As the situation in Lakhimpur Kheri intensifies, Priyanka Gandhi has been placed under house arrest in the nearby Sitapur district. Congress leaders are comparing her arrest to that of her grandmother, Indira Gandhi’s arrest in 1977. We explore what happened through an excerpt from ‘Indira: India’s Most Powerful Prime Minister’ by Sagarika Ghose.
In October 1977 Indira Gandhi was arrested. The case that was to be brought against her concerned her use of government jeeps during her elections.
Her arrest became excellent theatre. When the police arrived at her home, she made sure she looked the part. Keeping the police waiting for five hours, she took her time to change into a perfectly ironed stark white sari. Arrest and jail had been a family occupation and Indira Gandhi knew how important it was to do it right. In those five hours, calls were made from her home summoning her supporters and the press. Suitably attired in the dress of a martyr, she marched out of the door, insisting on being handcuffed. She was photographed by the press and garlanded by the crowd which had gathered by now. She then entered the police van with studied dignity and the police convoy took off to incarcerate her in the Badhkal Lake guest house in Haryana. Her family and lawyers followed in cars.
As the convoy approached the Haryana border, it was held up at a level crossing while a train rolled past. Indira Gandhi gracefully stepped out from the police van and took up position on a roadside culvert surrounded by a crowd of supporters. Her lawyers now got into an argument with the police, refusing to let them take her out of Delhi without a court warrant. An impassive Indira, head demurely covered, resignedly sat on the culvert, in no hurry to move. ‘The government which fears [political opponents] cannot govern the country,’ she declared dramatically to reporters, without the faintest hint of irony. ‘[They are trying to] wreck my nerves. My nerves are as strong as they had always been.’When reporters asked what the charges against her were, she replied dismissively and with ‘an air of disgust’, ‘some corruption charges in connection with jeeps, I think’.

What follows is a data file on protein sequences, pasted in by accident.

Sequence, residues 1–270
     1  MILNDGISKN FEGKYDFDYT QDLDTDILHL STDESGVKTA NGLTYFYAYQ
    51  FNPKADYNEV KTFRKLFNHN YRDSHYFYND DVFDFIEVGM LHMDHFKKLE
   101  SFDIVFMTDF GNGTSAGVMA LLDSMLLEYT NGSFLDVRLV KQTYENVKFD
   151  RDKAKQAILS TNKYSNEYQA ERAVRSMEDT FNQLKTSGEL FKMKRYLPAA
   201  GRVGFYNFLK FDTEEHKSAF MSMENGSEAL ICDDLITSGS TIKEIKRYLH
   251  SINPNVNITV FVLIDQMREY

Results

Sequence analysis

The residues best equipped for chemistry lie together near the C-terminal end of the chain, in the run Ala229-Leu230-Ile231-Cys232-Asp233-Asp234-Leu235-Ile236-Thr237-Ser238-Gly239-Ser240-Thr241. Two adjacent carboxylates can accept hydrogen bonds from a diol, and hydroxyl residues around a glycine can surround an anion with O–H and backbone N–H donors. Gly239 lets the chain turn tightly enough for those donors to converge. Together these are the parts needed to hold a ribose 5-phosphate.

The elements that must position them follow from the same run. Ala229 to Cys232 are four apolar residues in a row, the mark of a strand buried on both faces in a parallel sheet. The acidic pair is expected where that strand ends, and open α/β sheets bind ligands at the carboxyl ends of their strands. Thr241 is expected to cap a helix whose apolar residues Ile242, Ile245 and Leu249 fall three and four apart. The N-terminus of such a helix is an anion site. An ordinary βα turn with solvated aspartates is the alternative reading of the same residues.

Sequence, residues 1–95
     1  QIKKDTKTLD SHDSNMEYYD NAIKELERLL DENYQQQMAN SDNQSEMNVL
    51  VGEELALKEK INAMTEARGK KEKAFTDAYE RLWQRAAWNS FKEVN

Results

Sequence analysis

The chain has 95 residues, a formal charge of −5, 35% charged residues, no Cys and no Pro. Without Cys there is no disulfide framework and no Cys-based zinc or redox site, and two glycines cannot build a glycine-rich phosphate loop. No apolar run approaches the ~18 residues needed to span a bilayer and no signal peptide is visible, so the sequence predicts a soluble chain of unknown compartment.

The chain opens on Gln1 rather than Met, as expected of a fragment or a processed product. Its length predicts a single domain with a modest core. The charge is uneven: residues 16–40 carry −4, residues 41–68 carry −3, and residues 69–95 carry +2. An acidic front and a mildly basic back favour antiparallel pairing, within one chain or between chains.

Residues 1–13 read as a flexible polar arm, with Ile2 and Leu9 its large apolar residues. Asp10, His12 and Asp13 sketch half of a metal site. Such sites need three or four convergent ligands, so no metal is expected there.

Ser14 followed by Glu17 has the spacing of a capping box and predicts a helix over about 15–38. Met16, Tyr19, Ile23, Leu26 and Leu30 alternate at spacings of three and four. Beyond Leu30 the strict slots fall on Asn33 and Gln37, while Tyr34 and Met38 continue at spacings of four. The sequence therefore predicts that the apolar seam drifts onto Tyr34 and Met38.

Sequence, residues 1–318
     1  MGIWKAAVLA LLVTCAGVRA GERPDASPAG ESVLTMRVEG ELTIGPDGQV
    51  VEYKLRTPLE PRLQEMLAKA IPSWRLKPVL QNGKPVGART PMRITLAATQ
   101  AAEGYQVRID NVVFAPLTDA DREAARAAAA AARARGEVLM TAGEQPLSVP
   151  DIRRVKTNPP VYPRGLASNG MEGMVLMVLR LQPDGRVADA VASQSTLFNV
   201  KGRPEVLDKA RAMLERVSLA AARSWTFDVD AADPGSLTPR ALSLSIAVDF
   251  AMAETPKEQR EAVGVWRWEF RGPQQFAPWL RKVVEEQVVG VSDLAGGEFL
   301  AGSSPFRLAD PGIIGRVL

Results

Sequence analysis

The police attempt to make a dash for Haryana with a captive Indira in their net had been laughably overeager. Faced with strong arguments from her lawyers, the police had to abandon their plan and had no option but to bring her back to Police Lines in Delhi where policemen dutifully saluted her and led her into her cell. She refused to eat anything and soon fell into deep sleep, waking up the next morning fresh and rested. She had reason to feel refreshed. Although the police thought they had a foolproof case, the magistrate tossed it out saying there were no grounds for the charges. Indira was immediately released, and she gained instant sympathy and publicity. ‘Even Mummy could not have thought out a better scenario,’ exulted Rajiv to a foreign correspondent. The bungled arrest and Indira’s conduct through it showed how adept she was in creating political capital out of her enemies’ helpless anger. While they flailed about, she manipulated them to perfection. Pranab Mukherjee quotes a joke from the time: ‘Look at the competence of this government. A woman who had put a few hundred leaders in jail for nineteen months could not be put behind bars by them for nineteen hours.’ Faced with the open show of hostility from the Janata government, she readied for battle.
She was back on the front pages, her arrest showing how pettily anxious the government was to get her; the flimsy charges only bolstered the impression that small-minded men had launched a dirty war against a woman who had once defeated them in elections. ‘There is a distinction between justice and revenge,’ noted the Financial Times.
Continue reading about Indira Gandhi and how she changed the country forever in ‘‘Indira: India’s Most Powerful Prime Minister’, which will be free as part of #ReadersChoice on 9th October 2021.